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School districts in Wapello County work to combat substitute teacher shortage

Published: Oct. 18, 2021 at 5:17 PM CDT
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OTTUMWA, Iowa (KYOU) - Staffing shortages across the US are affecting schools across Wapello County as districts struggle to find substitute teachers.

It’s driven the Ottumwa Community School District to hire on 10 long-term subs: full time substitutes that can cover almost any teacher or staff that’s absent on a given day. Jill Simmons, the Horace-Mann long-term sub, recalls she’s “been the music teacher, the art teacher, the P.E. teacher…” She’s been in the position for around five weeks. Yet even with two long-term subs at the Ottumwa High School, two at Evans, and one at each elementary school - including Simmons - it’s not enough to cover every absence. David Harper, the HR director for Ottumwa Schools, estimates 30% of absent positions go unfilled each day across the district.

“Finding subs right now has been very difficult for us,” he explains. “On any given day we have a handful of certified and non-certified position that we can’t fill. DH4 - “When we couldn’t find any subs, we’ve had to combine or split up some classes.” That’s even with moving teachers around on their “prep” period - a method that also results in extra pay that hour for that teacher.

While Harper blames the current situation on an “uptick” of absences, he says, even worse, the district’s substitute selection seems to be shrinking. “Our pool has gotten a lot smaller,” says Harper. “It seems like...finding people that want to sub has been very difficult.”

If a teacher knows they’ll be absent the next day, they let their principal know, who approves the absence, and puts an alert in the district’s Frontline system. The automated system then pushes out the opening to available subs and begins to contact them up until school begins the next day.

Simmons says it’s rare for Horace-Mann to have a day without an absence: “I’m going to cover whoever is not covered.” Her only limit is not subbing for one teacher more than 10 days.

While other subs teach in the school day-to-day, Harper says it’s convenient to have a permanent sub ready to go. “Instead of going through the process of trying to dial up and find a sub, that building principal can immediately have - if that sub’s in their building, already available - they can immediately get that sub to that classroom. So we have less disruption for those students.”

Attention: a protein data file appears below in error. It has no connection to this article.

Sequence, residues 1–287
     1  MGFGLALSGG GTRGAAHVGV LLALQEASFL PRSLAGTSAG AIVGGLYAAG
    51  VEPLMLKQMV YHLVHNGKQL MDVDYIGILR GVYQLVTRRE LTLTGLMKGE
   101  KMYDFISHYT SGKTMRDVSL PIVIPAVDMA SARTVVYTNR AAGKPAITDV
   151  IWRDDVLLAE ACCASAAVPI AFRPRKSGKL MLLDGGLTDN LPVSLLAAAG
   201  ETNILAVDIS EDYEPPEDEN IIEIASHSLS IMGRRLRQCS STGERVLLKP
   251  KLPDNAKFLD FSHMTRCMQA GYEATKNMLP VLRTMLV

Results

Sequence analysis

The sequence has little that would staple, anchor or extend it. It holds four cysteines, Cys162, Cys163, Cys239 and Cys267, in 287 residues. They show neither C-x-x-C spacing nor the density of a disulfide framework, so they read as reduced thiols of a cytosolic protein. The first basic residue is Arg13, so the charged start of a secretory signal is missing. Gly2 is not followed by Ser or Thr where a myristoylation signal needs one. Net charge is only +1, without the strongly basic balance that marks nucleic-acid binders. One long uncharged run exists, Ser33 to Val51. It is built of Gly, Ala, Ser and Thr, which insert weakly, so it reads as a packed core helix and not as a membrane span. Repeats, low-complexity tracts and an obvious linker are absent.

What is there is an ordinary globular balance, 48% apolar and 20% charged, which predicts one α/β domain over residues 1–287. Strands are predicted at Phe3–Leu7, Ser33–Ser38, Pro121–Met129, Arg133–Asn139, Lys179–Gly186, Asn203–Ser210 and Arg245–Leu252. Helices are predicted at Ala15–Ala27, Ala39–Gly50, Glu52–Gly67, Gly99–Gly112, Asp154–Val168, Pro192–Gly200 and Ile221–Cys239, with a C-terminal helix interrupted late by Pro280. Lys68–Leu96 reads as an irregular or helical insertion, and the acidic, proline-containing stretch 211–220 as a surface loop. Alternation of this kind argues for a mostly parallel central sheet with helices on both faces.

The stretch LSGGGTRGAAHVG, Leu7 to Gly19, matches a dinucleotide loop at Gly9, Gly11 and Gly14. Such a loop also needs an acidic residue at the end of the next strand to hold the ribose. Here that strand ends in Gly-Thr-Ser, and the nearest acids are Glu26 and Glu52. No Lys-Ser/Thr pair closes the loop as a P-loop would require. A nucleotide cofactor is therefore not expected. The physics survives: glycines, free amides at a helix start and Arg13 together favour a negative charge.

Ottumwa’s Superintendent says the district is taking other measures to lessen teacher and staff absences as well. “It is a challenge right now. Our district recognizes it. We’re really trying to be proactive.” Other measures the district’s taken includes: signing bonuses for new teachers, paying teachers an end of year incentive for remaining personal days, or covering the screening test fee required for full-time associates.

Because while Harper says the long-term subs have helped - the initiative may not be a permanent solution.

These subs are paid by ESSER funds, a non-recurring, federal payment. So, by the end of the school year the subs’ contracts will be up. Harper says he’s hopeful that by Spring they’ll be back on track. “We’ll be back on hopefully some kind of rhythm.”

Cardinal schools’ superintendent says most days they’re able to cover absences, but are still short. He writes that finding substitutes has become a bigger challenge each year, as well as a morale issue for teachers covering with their prep period.

The Eddyville-Blakesburg-Fremont district superintendent, Scott Williamson, explains another route his district is going: certifying paraprofessionals (sometimes known as aides or teacher assistants) as substitutes. Paraprofessionals are full-time employees, meaning they could sub each day. “They can sub 180 days a year,” Williamson says, as long as they don’t hit that same 10 day limit.

All three districts also generally share the same pool of subs. Harper says that stretches substitute teacher availability even more.

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